Gastrointestinal Bleeding Scintigraphy

Michael A. McDonald, MD, PhD; Harvey A. Ziessman, MD

Disclosures

Appl Radiol. 2016;45(5):19-22. 

In This Article

Radiopharmaceuticals

GIB scintigraphy can play an important and unique role in characterizing and risk stratifying patients presenting with lower GIB. The superior diagnostic efficacy of esophagogastroduodenoscopy makes the use of red blood cell (RBC) scintigraphy for the detection of upper GIB less advantageous, although proximal small bowel, duodenal and even distal gastric bleeds are often detected. Patient's presenting with acute GIB usually undergo an initial clinical assessment and resuscitation, nasogastric lavage and esophagogastroduodenoscopy, which serve to stratify the bleeding into either suspected upper or lower GI sources.[6] If a lower GIB is suspected or an upper GI source has been excluded GIB scintigraphy can be performed as the next step in the diagnostic evaluation. Both bleed location (or suspected location) and rate of bleeding help determine the therapeutic strategy utilized, with the three main interventional approaches being colonoscopy, angiography and surgery.[4]

Tc99m sulfur colloid (SC) was the first radiopharmaceutical used for evaluation of lower GIBs. It is cleared from the blood pool by 10–15 minutes after administration, with a half-life of 2 to 3 minutes.[2] The ability of Tc99m SC to detect GIB detection is due to the high target to background ratio between the bleeding site and the surrounding soft tissues, caused by rapid clearance of the background by the RES cells in the liver, spleen and bone marrow. However, the rapid clearance of radiotracer from the blood pool means that the patient must be bleeding at the time of injection. Delayed imaging is not possible. Tc99m SC is now mostly used when there are time constraints in preparing Tc99m RBCs or a lack of availability. In a prospective study comparing Tc99m RBC to Tc99m SC scintigraphy in 100 patients imaged with both agents under identical clinical conditions, Tc99m RBCs was diagnostically superior in all cases with sensitivity of 95%, specificity of 93% and an overall accuracy of 94%. This is in contrast to a sensitivity of 12%, 100% specificity and 62% overall accuracy for sulfur colloid.[6]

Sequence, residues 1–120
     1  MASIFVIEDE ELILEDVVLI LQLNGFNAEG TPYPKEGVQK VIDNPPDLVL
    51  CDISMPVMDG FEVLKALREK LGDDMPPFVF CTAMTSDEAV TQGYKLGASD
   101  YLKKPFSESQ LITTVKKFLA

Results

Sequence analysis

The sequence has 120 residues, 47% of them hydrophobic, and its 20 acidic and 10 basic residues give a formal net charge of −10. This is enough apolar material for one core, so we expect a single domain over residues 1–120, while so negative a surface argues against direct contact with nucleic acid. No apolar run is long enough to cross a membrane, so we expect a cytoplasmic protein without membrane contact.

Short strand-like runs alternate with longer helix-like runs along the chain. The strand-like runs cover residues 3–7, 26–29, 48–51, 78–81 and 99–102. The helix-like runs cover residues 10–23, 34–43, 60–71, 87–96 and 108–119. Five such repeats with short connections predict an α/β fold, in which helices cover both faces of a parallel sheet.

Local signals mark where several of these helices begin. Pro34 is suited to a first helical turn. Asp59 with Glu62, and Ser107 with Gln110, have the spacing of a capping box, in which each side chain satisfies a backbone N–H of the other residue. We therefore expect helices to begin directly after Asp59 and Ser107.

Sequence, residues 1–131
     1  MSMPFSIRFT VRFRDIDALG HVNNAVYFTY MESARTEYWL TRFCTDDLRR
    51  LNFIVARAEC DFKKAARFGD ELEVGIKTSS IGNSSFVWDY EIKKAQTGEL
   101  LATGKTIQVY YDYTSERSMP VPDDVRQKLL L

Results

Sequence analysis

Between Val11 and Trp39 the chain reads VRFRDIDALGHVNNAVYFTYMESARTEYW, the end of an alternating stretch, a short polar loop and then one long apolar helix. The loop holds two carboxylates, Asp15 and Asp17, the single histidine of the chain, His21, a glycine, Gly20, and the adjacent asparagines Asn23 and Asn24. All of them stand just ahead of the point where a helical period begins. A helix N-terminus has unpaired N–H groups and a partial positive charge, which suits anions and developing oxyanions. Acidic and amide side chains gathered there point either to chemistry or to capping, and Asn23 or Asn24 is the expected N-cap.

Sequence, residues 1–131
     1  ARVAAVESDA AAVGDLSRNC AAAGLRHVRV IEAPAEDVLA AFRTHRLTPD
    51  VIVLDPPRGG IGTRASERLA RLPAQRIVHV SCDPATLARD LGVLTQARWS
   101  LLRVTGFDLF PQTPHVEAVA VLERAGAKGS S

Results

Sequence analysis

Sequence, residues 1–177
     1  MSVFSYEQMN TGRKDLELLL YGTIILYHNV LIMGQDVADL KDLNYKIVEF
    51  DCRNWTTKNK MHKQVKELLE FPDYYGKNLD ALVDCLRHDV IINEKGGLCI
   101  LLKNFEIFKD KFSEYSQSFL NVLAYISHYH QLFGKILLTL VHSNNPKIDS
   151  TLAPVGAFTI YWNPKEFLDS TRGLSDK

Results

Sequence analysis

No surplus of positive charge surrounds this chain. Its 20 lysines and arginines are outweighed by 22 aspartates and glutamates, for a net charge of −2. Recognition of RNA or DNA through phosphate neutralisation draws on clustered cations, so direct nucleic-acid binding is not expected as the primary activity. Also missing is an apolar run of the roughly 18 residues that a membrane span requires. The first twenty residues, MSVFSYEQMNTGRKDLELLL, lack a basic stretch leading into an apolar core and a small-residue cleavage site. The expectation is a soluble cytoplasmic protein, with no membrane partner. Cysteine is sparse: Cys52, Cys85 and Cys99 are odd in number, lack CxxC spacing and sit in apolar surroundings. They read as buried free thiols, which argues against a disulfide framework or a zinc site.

There are various in vivo and in vitro methods available for labeling RBCs with Tc99m. An often used in vitro method involves utilization of a simple commercial kit and permits >97% labeling efficiency in less than 30 minutes preparation time. A minimum detectable bleeding rate of 0.04 mL/minute was reported for Tc99m RBCs. Detection of lower GIBs at low flow rate is influenced by the volume of extravasated RBCs at the bleeding site. A focal volume of 3 mL can be readily detected however the sensitivity of the procedure can be reduced by hyperactive peristalsis, which can cause the volume to be distributed over a significant length of bowel.[3]

The relatively stable persistence of Tc99m RBCs in the blood pool enables intermittent (and venous) bleeding to be detected, permitting repeat imaging without additional radiation exposure. RBC scintigraphy can be acquired for up to 24h, making it unique among diagnostic imaging methods in being able to provide monitoring of patients with intermittent bleeding.[7]

RBC scintigraphy bleeding scan will be negative unless the patient is actively bleeding. In patients with active, intermittent bleeding who are hemodynamically stable between episodes, RBC scintigraphy compliments clinical findings by possible localization of ongoing bleeding and risk assessment for future interventions, reducing the rate of negative angiograms from 22 to 53%.[1]

Tc99m RBCs accurately localize the site of bleeding in 88% to 97% of patients, with positive findings resulting in a 5-fold greater likelihood that the patient will require surgery.[4] False positive scans, which can be avoided with proper methodology and interpretation, are generally due to incorrectly identified vascular structures or free 99m Tc pertechnetate.

RBC scintigraphic has been proven to be a useful early diagnostic tool in Lower GIB risk-stratification and in guiding decisions regarding surgical or angiographic intervention. This is critical in a disease process characterized by spontaneous cessation in 75–89% of cases and potential high mortality in those who continue to bleed. Equally important is that there is a significant risk associated with potential interventions such as angiography and surgery.[8]

A positive scan is predictive of increased hospital morbidity and mortality, helping to identify a relatively high risk population requiring more aggressive intervention such as transfusion or surgery.[9] Conversely, a negative study has been shown to correlate with a good clinical outcome, stratifying those patients who can be managed conservatively. A negative study may play a role in identifying those patients who are not actively bleeding and, due to very low volume of blood loss or slow rate, are more likely to stop bleeding spontaneously. This prevents overaggressive surgical management and may lead to a reduction both in morbidity and mortality.[10]

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